Revolutions are mainly thought of as sudden outbreaks, happening at a distinct point in time. This is a reductive definition of revolution. Think about it: why should insurrections that did not lead to a sudden social change not be considered as revolutions?
The anarchist anthropologist, David Graeber, thinks we should not, as revolutions are not just about shifts in power, but about radical changes in our conceptions about politics and social organisation itself: “Before the French Revolution, the ideas that change is good, that government policy is the proper way to manage it, and that governments derive their authority from an entity called “the people” were considered the sorts of things one might hear from crackpots and demagogues, or at best a handful of freethinking intellectuals […]. A generation later, even the stuffiest magistrates, priests, and headmasters had to at least pay lip service to these ideas.” This surely invalidates our conception of what a revolution is about.
The Cultural Revolution in China
However, the static definition of revolution, the mystical idea of overnight change of entire political systems, did not stop to haunt humanity in the 20th century, bringing along quite serious consequences. When we look at the global events of 1968, it is generally considered that it was somewhat of a failure, not only by its opponents, but more significantly, by its own participants. Consequently, the same people who, during their teenage years, were leading the Cultural Revolution in China presided over the introduction of capitalism as forty-year-olds. Similarly, it could be questioned what the political convictions are of those students who were throwing pebbles at the police in the streets of Paris in 68. According to Graeber, the belief in the failure of the uprisings of that year contributed in strengthening the idea that no other politico-economic system is possible: neoliberalism’s forte as it still stands today.
The Viet Nam Syndrom
A certain disillusionment can be understood. On the other hand, how realistic is it to think that the anti-war protests of the late sixties and the early seventies in the United States, for example, were really a failure? Indeed, the US did not speed up its withdrawal from Indochina as an immediate response to massive discontent. What we are never really told, however, is that it did have a profound influence upon the biggest warmongering state that the US is. Not wanting to deal with the “Viet Nam Syndrome” again, U.S. foreign policy remained very reluctant in engaging in any conflict, as Graeber shows, for almost thirty years. It took 9/11 to change it, and even, “the war planners made an almost obsessive effort to ensure the wars were effectively protest-proof.” Graeber ultimately reads the long-lasting heritage of the protesting hippies of the seventies as having contributed to U.S. defeat in the Middle East.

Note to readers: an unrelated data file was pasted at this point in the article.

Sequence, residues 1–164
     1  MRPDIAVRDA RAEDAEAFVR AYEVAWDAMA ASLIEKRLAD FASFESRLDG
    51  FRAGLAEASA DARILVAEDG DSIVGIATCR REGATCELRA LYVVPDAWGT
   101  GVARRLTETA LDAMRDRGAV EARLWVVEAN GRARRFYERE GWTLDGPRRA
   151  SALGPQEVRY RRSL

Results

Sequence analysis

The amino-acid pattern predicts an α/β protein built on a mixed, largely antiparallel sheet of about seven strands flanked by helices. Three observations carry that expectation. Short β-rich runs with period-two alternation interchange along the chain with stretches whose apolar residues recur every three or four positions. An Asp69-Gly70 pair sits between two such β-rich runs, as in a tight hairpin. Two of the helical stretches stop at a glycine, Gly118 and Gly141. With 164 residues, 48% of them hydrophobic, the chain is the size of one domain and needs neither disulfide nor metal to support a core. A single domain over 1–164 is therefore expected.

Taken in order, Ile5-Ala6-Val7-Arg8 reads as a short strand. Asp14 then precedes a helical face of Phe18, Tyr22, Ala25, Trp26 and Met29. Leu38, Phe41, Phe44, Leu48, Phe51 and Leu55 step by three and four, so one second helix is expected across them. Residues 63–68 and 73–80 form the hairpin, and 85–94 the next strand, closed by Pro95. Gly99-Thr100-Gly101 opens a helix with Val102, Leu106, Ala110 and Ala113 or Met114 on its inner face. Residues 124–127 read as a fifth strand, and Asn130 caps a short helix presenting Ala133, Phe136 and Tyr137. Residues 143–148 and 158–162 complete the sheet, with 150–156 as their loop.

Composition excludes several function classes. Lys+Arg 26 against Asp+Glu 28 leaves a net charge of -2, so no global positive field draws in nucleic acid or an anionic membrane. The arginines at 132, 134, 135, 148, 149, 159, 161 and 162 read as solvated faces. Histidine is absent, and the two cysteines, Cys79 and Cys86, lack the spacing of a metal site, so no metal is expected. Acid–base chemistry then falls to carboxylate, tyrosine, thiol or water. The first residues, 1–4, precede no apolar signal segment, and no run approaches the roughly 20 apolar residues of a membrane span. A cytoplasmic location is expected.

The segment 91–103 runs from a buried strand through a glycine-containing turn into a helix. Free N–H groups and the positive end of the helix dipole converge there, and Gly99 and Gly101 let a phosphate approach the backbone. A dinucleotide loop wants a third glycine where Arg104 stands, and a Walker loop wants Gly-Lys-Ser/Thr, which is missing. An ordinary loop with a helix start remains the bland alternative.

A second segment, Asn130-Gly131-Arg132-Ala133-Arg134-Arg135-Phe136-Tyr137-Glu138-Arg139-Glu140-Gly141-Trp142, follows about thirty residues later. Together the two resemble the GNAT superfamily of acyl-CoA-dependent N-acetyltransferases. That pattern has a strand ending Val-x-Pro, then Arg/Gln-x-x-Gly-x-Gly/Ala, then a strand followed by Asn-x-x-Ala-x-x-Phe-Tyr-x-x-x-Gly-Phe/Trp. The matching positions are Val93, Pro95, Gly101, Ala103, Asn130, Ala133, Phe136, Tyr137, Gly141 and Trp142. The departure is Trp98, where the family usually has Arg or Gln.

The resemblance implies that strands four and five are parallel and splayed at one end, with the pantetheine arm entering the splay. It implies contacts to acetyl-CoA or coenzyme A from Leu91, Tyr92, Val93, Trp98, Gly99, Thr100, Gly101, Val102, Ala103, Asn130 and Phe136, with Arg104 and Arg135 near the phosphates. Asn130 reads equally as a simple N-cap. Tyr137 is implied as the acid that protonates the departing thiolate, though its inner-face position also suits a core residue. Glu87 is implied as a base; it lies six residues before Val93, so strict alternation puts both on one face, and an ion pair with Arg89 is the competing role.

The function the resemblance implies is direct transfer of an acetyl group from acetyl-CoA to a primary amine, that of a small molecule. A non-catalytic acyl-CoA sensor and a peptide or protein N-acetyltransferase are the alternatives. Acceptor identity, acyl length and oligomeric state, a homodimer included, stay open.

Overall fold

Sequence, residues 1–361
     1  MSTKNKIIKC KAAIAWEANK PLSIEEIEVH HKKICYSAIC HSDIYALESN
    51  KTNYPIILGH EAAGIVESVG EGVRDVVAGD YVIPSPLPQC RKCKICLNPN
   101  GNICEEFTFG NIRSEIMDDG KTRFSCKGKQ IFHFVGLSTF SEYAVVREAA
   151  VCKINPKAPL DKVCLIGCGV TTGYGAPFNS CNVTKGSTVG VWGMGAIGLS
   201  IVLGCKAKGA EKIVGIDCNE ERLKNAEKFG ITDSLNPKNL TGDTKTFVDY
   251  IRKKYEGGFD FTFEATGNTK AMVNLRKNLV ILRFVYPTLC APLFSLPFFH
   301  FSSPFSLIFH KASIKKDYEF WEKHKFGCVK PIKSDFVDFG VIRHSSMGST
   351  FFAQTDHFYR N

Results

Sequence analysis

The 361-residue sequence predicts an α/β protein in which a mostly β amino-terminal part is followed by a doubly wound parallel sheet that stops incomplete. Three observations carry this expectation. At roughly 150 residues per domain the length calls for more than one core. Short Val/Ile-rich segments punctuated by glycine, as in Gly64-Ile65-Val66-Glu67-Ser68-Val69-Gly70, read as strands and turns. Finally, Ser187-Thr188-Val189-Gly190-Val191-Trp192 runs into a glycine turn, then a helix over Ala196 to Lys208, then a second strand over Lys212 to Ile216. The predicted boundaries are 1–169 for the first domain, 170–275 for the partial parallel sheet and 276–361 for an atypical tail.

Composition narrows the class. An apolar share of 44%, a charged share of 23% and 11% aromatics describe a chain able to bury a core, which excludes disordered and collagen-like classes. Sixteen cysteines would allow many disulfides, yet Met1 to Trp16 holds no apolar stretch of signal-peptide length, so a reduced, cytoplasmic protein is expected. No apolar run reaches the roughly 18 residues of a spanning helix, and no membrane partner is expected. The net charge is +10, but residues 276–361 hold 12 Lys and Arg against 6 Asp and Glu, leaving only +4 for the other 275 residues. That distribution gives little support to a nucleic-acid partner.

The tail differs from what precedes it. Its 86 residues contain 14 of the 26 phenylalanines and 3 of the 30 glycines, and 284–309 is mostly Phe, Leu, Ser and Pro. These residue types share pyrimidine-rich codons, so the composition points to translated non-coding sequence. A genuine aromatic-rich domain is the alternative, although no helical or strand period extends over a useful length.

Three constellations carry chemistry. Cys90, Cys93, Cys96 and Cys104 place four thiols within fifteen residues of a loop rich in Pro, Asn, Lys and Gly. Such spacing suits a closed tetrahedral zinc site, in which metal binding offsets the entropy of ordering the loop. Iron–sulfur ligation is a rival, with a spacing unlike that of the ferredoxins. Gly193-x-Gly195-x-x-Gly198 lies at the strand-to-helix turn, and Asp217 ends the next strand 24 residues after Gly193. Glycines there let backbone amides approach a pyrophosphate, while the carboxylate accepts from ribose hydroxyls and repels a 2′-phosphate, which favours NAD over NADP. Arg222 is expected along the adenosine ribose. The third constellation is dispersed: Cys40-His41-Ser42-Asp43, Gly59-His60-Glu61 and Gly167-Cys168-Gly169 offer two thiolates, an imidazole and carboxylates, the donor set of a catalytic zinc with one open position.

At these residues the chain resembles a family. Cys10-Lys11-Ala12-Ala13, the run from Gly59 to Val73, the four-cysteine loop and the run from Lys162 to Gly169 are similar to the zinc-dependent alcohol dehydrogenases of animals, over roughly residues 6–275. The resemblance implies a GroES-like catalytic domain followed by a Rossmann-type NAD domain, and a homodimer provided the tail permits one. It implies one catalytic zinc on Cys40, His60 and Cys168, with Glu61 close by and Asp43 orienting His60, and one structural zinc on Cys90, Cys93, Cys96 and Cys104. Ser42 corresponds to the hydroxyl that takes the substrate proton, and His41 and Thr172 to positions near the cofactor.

I would say that our understanding, our definition of revolution needs to radically change. We should not adopt a static understanding as it is only likely to induce widespread collective depression, but one that sees revolution as an always ongoing process of those who struggle for more equality and freedom. Lawbreaking, within this process, should not be excluded. We have to be willing to break the rules when they are not just, otherwise, we cannot redefine the boundaries of what it means to live in community and there will never be a revolution.
The argument of James C. Scott
This is the argument that James C. Scott defends in his work Two Cheers for Anarchism: “[I]ngrained habits of automatic obedience could lead to a situation that, on reflection, virtually everyone would agree was absurd. Virtually all the great emancipatory movements of the past three centuries have initially confronted a legal order, not to mention police power, arrayed against them. They would scarcely have prevailed had not a handful of brave souls been willing to breach those laws and customs (e.g., through sit-ins, demonstrations, and mass violations of passed laws). […] Thus, immanent in their willingness to break the law was not so much a desire to sow chaos as a compulsion to instate a more just legal order. To the extent that our current rule of law is more capacious and emancipatory than its predecessors were, we owe much of that gain to lawbreakers.” Ultimately, Revolution is about altering our perceptions and letting our perceptions of societal organization being altered by others even if their views at first seem ridiculous or immoral. Let’s not be disillusioned!